There isn’t really any secrets in either man’s game going in. Masvidal is an old-school striker, with an always improving ground game, who throws bombs at every opportunity that presents itself. Iaquinta, training under championship caliber coaches Ray Longo and Matt Serra, is similarly attacking in nature but had the more well-rounded game. The New Yorker is a wonderful, up and coming technical striker with a ground game to back it up. His one flaw may be protecting himself while on the attack – a trait Masvidal will want to prey on. I only see this fight going one way, though, and that’s for Iaquinta. Masvidal is always dangerous on the feet but, if Iaquinta can avoid the power shots, he shouldn’t have too much trouble winning the exchanges while also having a big grappling advantage. Masvidal is as tough as hell and could stay in there longer than a lot of people expect but I do think Iaquinta will eventually get the finish.

Outside of the top two, unusually for a fight night card, there is plenty to look forward to for the educated fight fan. Opening the main card, Irish fans will be interested to see the return McGregor victim Dustin Poirier who faces Cesar Mutante in his first fight at lightweight, while the man who beat the top two ranked lightweights, Clay Guida, takes on Robbie Peralta in a must win fight. Also returning to the fold after over a year out injured is Julianna Pena who takes on Milana Dudieva while the first woman to ever step into the Octagon, Liz Carmouche, takes on Lauren Murphy. Most notably, though, is the fight between Alexander Yakovlev and former two time title challenger Gray Maynard who, after losing three on the spin, might just be fighting for his job.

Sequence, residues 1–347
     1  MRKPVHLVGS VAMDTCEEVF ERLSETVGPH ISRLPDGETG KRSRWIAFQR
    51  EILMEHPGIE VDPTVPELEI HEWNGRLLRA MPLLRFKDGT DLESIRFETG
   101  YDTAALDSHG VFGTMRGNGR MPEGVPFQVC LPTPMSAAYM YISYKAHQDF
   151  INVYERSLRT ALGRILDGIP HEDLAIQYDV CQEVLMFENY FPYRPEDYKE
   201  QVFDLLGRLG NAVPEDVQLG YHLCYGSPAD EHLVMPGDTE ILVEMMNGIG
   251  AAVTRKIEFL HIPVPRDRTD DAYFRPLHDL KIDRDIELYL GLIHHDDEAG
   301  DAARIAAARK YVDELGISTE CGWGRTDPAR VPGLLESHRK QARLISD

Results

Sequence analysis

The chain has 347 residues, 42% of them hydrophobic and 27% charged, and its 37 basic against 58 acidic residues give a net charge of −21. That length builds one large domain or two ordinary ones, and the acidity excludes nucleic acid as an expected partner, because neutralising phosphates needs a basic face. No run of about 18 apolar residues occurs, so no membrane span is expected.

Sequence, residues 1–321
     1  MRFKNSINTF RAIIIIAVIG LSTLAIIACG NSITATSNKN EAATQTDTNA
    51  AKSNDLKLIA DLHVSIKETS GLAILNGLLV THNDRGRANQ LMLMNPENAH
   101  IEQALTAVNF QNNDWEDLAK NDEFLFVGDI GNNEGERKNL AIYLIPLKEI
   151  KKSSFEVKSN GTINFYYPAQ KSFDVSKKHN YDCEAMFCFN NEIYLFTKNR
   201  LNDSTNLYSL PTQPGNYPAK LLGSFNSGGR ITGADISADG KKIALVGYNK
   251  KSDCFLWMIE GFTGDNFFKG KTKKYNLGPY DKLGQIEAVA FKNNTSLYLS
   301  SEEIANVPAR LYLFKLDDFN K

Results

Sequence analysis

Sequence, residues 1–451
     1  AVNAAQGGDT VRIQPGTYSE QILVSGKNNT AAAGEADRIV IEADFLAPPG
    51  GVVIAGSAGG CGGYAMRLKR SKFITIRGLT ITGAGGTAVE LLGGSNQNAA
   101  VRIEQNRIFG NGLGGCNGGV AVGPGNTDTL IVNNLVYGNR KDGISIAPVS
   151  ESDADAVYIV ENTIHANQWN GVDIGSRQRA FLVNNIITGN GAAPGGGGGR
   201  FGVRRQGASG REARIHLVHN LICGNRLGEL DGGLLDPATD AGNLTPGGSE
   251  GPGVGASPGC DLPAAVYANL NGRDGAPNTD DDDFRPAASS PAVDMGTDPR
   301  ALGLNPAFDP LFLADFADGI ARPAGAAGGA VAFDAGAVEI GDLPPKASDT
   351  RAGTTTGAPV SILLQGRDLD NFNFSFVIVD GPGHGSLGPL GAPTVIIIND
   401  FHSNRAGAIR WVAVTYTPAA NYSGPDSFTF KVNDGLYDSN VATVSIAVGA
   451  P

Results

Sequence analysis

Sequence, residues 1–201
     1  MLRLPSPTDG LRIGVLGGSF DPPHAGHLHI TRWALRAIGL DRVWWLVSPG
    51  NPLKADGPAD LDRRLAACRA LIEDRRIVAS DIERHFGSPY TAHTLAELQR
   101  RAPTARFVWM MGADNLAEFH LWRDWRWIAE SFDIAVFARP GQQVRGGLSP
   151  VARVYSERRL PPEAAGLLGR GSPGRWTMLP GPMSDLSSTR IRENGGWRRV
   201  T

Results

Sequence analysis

Ricardo Lamas (4400 on Kountermove) vs. Chad Mendes (5700 on Kountermove) – Mendes dominates, gets late sub
Al Iaquinta (4900) vs. Jorge Masvidal (4700) – Iaquinta is quicker to the punch, finishes it late on
Michael Chiesa (5200) vs. Mitch Clarke (4400) – A back and forth fight goes the way of Chiesa
Milana Dudieva (4300) vs. Julianna Pena (5300) – The comeback goes the way of Pena
Clay Guida (5100) vs. Robbie Peralta (4500) – I’m taking Peralta in the upset
Diego Ferreira (4300) vs. Dustin Poirier (5300) – Lightweight debut decision for Poirier
Liz Carmouche (4900) vs. Lauren Murphy (4700) – I’m picking Murphy here via ground and pound
Gray Maynard (4800) vs. Alexander Yakovlev (4800) – Can’t trust the chin of Maynard, Yakovlev via KO
Shamil Abdurahimov (5400) vs. Timothy Johnson (4200) – Abdurahimov via submission
Justin Jones (4800) vs. Ron Stallings (4800) – Fancy a close kickboxing decision to go for Jones



For the smart fantasy MMA player there is a big opportunity to make money on Saturday night. As always, a five round main event between lighter weight fighters is always a wise pick. For me, Chad Mendes, at a not too hefty 5700, is winning this fight and should earn plenty of points doing that. In the co-main, I think Iaquinta is a little underpriced and with his newly polished striking output, 4900 could be a steel. In underdog picks, Robbie Peralta (4500) and Alexander Yakolev (4800) could be wise picks while the often wrestling orientated Clay Guida should be avoided at all costs.

So, to get started playing Kountermove fantasy MMA, simply follow these steps.

1. Click the link – http://www.kountermove.com/r/MMA/654925/

2. Sign up

3. Select a game

4. Select your 5 fighter team while staying under the 25,000 salary cap and submit.

5. Watch the money roll in!


This week I’m going with Chad Mendes to win via submission at 17/2


Prelims – Fight Pass @ 4pm GMT

Main Card – Live at 6pm GMT (Replayed 10pm on BT Sport 1)

fantasymma KOUN

Podcaster, lead MMA writer and analyst for SevereMMA. Host of the SevereMMA podcast, out every Sunday. Economics and Mathematics graduate from UCC. Also write for Sherdog. Previously of hov-mma and fightbooth. As heard on 2FM, Red FM, Today FM and more. Follow me on twitter for updates @SeanSheehanBA and on Facebook Facebook.com/seansheehanmma